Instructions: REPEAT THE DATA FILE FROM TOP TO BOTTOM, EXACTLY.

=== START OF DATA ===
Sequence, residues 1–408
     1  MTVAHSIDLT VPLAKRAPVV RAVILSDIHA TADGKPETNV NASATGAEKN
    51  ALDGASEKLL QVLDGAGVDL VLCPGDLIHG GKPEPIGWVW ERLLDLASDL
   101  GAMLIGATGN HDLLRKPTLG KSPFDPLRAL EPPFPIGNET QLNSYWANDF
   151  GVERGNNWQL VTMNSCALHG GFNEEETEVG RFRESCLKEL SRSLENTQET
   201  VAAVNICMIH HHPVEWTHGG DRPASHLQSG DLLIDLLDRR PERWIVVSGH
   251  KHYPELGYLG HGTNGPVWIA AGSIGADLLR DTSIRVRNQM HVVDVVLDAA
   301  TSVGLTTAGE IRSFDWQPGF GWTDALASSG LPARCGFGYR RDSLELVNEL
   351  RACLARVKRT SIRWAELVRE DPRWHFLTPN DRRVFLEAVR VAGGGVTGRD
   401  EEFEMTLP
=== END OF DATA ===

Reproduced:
Sequence, residues 1–408
     1  MTVAHSIDLT VPLAKRAPVV RAVILSDIHA TADGKPETNV NASATGAEKN
    51  ALDGASEKLL QVLDGAGVDL VLCPGDLIHG GKPEPIGWVW ERLLDLASDL
   101  GAMLIGATGN HDLLRKPTLG KSPFDPLRAL EPPFPIGNET QLNSYWANDF
   151  GVERGNNWQL VTMNSCALHG GFNEEETEVG RFRESCLKEL SRSLENTQET
   201  VAAVNICMIH HHPVEWTHGG DRPASHLQSG DLLIDLLDRR PERWIVVSGH
   251  KHYPELGYLG HGTNGPVWIA AGSIGADLLR DTSIRVRNQM HVVDVVLDAA
   301  TSVGLTTAGE IRSFDWQPGF GWTDALASSG LPARCGFGYR RDSLELVNEL
   351  RACLARVKRT SIRWAELVRE DPRWHFLTPN DRRVFLEAVR VAGGGVTGRD
   401  EEFEMTLP